The Heat Is On 187

Performance and Acclimation 187

Heat Performance and Acclimation, by William Henderson, MD 189

Tips for Beating the Heat 193

Hot-Weather Ultra Tips, by Jamie Donaldson 194

Heat Cramps, Heat Exhaustion, and Heatstroke 195

Avoid Being Low at High Altitude 196

The Effects of Altitude 197

Arriving and Acclimating at Altitude 198

High Altitude Pulmonary Edema and High Altitude Cerebral Edema 200

Chill Out with Cold-Weather Running 201

Clothing 202

Hydration, Fueling, and Other Tasks 203

Traction 204

Learning to Run in Cold Weather 204

Hypothermia, Frostnip, and Frostbite 204

14 The Ultrarunning Community 207

Join the Ranks 207

Call for Feedback 209

Ultrarunning and the Internet 210

Ultrarunning as a Family Affair 211

Conclusion 212

Afterword: The Sky Is No Limit by Meghan M. Hicks 213

Get Yer Adventure On 214

By Snowshoes We Endure 215

Fastpack It 217

Stage Races and the Art of Attrition 218

Dream It, Do It 220

Appendix: Barefoot Running and Ultramarathons, by Michael Sandler and Jessica Lee 221

How Does Barefoot Running Help? 222

Baby-Step Your Way into Running Light and Free 223

Barefoot Benefits 226

About the Author 230

What Our Readers Are Saying

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Average customer rating based on 1 comment:

George N, March 2, 2014 (view all comments by George N)
Anyone interested in ultrarunning should own this book. Bryon Powell does an outstanding job of sharing an understanding of running, and more importantly, preparing to run an ultramarathon. I am currently working toward my first ultra later this year. My progress falters every time I ignore the information and guidance presented in this book. Thanks to Bryan Powell for helping to get me on track and keep me there. If you already run ultras, this book has much useful information. If you are just getting started, it is indispensable.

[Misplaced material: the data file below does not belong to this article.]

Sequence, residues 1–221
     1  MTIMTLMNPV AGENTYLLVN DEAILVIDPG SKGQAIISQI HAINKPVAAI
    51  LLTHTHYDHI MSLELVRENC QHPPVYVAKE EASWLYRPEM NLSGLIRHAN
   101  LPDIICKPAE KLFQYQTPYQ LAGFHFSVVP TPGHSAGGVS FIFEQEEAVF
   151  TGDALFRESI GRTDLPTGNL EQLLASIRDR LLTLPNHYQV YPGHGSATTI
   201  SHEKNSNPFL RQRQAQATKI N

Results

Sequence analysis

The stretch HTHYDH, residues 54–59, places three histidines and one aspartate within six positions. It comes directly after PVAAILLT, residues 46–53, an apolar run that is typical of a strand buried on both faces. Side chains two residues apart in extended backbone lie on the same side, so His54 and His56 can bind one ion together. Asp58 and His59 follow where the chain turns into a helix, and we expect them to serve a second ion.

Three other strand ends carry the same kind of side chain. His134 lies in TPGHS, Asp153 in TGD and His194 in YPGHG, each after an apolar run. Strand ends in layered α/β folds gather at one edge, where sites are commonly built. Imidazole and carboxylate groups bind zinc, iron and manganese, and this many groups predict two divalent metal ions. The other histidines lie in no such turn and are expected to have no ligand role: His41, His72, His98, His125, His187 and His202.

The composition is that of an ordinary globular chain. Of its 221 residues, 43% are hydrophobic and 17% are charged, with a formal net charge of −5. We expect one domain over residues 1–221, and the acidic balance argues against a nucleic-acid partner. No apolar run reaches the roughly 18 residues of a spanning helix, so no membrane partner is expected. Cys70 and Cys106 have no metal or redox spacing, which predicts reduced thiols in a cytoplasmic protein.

Was this comment helpful? | Yes | No

Product Details

ISBN:
9781891369902
Author:
Powell, Bryon
Publisher:
Breakaway Books
Author:
Grossman, Eric
Subject:
Running & Jogging
Subject:
Sports and Fitness-Running
Edition Description:
Trade Paper
Publication Date:
20110531
Binding:
TRADE PAPER
Language:
English
Pages:
208
Dimensions:
9 x 6 x 0.5 in

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Relentless Forward Progress: A Guide to Running Ultramarathons New Trade Paper
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Product details 208 pages Breakaway Books - English 9781891369902 Reviews:
"Synopsis" by ,
The first practical guide to running races longer than 26.2 miles.

"Synopsis" by ,
Marathons have become too easy for some runners. What was once the pinnacle of achievement in a runners life is now a stepping stone for extraordinary adventure in ultramarathoning. The number of ultrarunners—those running distances of 50k (31miles), 50 miles, 100k (62 miles), or 100 miles—is growing astronomically each year.

Dean Karnazes Ultramarathon Man and Chris McDougalls Born to Run have inspired tens of thousands to try these seemingly superhuman distances. But to date, there has been no practical guide to ultramarathoning. Now, Bryon Powell has written Relentless Forward Progress, the first how-to manual for aspiring ultrarunners. Powell covers every aspect of training for and racing ultra distances. This encyclopedic volume prepares runners for going farther than they have ever gone before and, in the process, shows them that they are capable of the “impossible.”